How is business better than education

Here are four things that are doing better in Finland's school system

With its excellent education system, Finland is a trailblazer and a role model for many countries. According to the Program for International Student Assessment (PISA) study, which measures educational systems around the world, Finland is one of the top performing countries.

Here are four reasons why Finland is considered one of the countries with the best education system.

1. Children start school at the right time

In Finland, children do not start school before their seventh birthday, explains Pasi Sahlberg, former director general of the Finnish Ministry of Education and Culture in an interview for “CNN”. That surprised many. The time of school enrollment can play a major role, as a study by the Center for European Economic Research has found: "One month difference in birthday can lead to almost a year difference in enrollment age."

Fortunately, the trend to start school for your children as early as possible is gradually declining in Germany as well. The G8 high school diploma and the Bologna reform contribute to the fact that many are trained workers by the age of 21. The problem: Overcrowded universities and sometimes even students who are not even allowed to go to their own university parties and need a headline from their parents for excursions.

2. Education does not cost anything

In Finland, both Bachelor, Master and PhD programs are free. While members of the EU and the European Economic Area are lucky enough not to have to pay tuition fees in Finland, everyone else will have to pay fees for Bachelor's and Master's degrees from August 2017 (at least for those offered in English).

The following applies in Germany: If you have a lot of money, you can send your children to the best schools and finance them with tutoring as required. At state universities, students in Germany pay the semester fee, which can vary depending on the university and state. This usually includes a semester ticket, administrative costs and financing of the cafeteria, sports facilities and the like. The scenario is undesirable in Finland.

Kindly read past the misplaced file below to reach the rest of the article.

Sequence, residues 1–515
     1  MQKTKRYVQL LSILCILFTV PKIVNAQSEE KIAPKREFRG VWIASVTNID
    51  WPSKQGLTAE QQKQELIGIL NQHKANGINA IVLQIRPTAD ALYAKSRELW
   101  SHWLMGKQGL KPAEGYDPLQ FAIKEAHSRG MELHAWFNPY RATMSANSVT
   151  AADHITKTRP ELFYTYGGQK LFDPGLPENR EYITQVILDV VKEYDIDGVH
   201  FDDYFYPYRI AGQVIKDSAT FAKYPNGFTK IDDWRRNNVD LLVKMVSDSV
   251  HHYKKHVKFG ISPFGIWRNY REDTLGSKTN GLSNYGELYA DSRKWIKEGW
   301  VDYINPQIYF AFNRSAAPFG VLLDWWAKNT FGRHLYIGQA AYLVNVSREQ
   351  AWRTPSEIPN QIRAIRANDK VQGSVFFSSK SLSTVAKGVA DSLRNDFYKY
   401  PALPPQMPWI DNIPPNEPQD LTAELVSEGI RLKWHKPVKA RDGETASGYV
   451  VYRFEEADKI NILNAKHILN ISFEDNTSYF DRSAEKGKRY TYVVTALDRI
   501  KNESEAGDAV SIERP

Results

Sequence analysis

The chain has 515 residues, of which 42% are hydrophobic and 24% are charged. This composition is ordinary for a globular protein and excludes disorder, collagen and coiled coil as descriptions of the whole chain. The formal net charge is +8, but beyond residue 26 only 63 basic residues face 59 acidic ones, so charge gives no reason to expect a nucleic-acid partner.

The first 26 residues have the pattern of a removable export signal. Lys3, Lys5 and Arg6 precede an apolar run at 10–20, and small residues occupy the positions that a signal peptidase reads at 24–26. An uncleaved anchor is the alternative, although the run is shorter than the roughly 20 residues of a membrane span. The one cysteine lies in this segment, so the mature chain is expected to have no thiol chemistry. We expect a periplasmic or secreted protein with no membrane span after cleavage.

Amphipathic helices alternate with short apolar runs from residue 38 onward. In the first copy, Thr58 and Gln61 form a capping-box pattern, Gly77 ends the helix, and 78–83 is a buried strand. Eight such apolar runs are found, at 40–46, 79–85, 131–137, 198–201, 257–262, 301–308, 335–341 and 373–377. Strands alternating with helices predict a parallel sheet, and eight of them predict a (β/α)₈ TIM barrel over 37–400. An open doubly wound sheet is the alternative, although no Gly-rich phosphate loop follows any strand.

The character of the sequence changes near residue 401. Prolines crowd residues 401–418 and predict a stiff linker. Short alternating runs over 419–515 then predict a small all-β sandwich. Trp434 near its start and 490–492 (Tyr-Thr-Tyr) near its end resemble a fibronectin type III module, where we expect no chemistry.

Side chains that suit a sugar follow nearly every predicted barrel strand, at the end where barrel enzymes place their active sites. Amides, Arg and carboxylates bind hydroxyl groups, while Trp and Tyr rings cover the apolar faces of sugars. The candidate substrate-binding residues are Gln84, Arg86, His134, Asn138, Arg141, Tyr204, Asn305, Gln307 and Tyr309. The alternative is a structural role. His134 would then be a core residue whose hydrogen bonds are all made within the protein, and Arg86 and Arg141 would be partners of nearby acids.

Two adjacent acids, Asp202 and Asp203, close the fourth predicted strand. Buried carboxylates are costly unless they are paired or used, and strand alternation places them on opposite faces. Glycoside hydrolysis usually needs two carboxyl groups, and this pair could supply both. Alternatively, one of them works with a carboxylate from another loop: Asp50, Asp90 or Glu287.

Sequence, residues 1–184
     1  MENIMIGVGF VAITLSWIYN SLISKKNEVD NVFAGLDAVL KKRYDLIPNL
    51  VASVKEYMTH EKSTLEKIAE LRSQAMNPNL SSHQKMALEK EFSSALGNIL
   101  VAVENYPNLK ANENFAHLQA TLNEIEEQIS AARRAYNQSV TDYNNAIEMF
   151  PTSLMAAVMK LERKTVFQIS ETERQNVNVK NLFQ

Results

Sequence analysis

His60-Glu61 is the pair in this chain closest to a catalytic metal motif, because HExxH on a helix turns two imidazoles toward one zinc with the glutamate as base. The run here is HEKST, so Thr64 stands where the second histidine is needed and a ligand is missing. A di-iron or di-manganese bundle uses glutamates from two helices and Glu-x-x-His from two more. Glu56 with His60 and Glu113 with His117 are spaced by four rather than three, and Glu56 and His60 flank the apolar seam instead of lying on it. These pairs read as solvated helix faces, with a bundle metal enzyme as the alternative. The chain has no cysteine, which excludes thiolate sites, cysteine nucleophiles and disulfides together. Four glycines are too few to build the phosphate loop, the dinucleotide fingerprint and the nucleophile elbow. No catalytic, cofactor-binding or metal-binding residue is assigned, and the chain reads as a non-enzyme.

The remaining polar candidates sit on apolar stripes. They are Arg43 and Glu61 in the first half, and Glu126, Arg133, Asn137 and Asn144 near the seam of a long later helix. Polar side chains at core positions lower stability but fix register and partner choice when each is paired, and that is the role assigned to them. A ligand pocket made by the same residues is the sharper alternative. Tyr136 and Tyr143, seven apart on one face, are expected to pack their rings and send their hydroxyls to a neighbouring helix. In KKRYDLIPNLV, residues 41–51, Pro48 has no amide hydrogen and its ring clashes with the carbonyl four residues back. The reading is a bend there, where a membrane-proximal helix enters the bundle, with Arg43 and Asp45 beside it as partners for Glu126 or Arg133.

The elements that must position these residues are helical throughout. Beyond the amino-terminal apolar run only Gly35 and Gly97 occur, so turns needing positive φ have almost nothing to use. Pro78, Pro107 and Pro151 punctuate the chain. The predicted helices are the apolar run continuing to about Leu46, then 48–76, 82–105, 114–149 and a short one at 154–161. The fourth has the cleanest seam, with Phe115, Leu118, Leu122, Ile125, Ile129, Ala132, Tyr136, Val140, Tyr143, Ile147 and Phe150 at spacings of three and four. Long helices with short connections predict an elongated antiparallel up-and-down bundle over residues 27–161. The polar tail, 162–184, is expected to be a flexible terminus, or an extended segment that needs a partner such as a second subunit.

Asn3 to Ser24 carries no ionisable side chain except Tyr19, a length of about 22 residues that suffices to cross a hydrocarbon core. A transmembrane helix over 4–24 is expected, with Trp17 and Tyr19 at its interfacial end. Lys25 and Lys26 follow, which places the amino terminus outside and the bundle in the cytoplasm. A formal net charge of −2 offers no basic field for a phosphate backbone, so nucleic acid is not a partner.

3. Teachers are more qualified

Being a teacher is one of the most prestigious professions in Finland. The job of primary school teacher is the most popular, reports the Center on International Education Benchmarking. The reason for this is not the salary, as it is not that different from the salaries in other countries.

The most important reason is not just the respect shown to teachers in Finland, but has much more to do with the selection process, the work and the working circumstances.

Finland has very high standards. Those who are accepted into a training program enjoy a high reputation, because only one in ten students who apply is actually accepted. Finland's curriculum supports creativity and innovation. Research, development and design are part of their work and they can explore their intellectual and creative limits. Finland is satisfied with the work of its teachers and accordingly has more confidence in them.

All in all, teaching in Finland is a very attractive job that stands for prestige and high qualifications. So it should come as no surprise that roughly 90 percent of all teachers stay in their profession throughout their careers.

According to the “Global Teacher Status Index 2013”, teachers are hardly respected in Germany. Of 21 OECD countries examined, Germany was only in 16th place - three places behind Finland. According to this, less than 20 percent of the 1,000 respondents would encourage their children in Germany to become teachers. Here the teaching profession is rather equated with the status of a social worker.

4. Finland does not believe in standardized tests

In Finland there is only one standardized examination called “Matriculation Examination” in primary and secondary schools. The test is taken at the end of secondary school and is corrected and graded by teachers. Those who pass the test can continue their education at a university - as in Germany with the Abitur.

The United States, on the other hand, must adhere to regulations like the No Child Left Behind Education Act or the Common Core State Standards initiative. Constant school performance tests are not at all helpful in making students smarter, but rather help to create a "lesson for the test" environment in which one only works towards passing the school performance tests.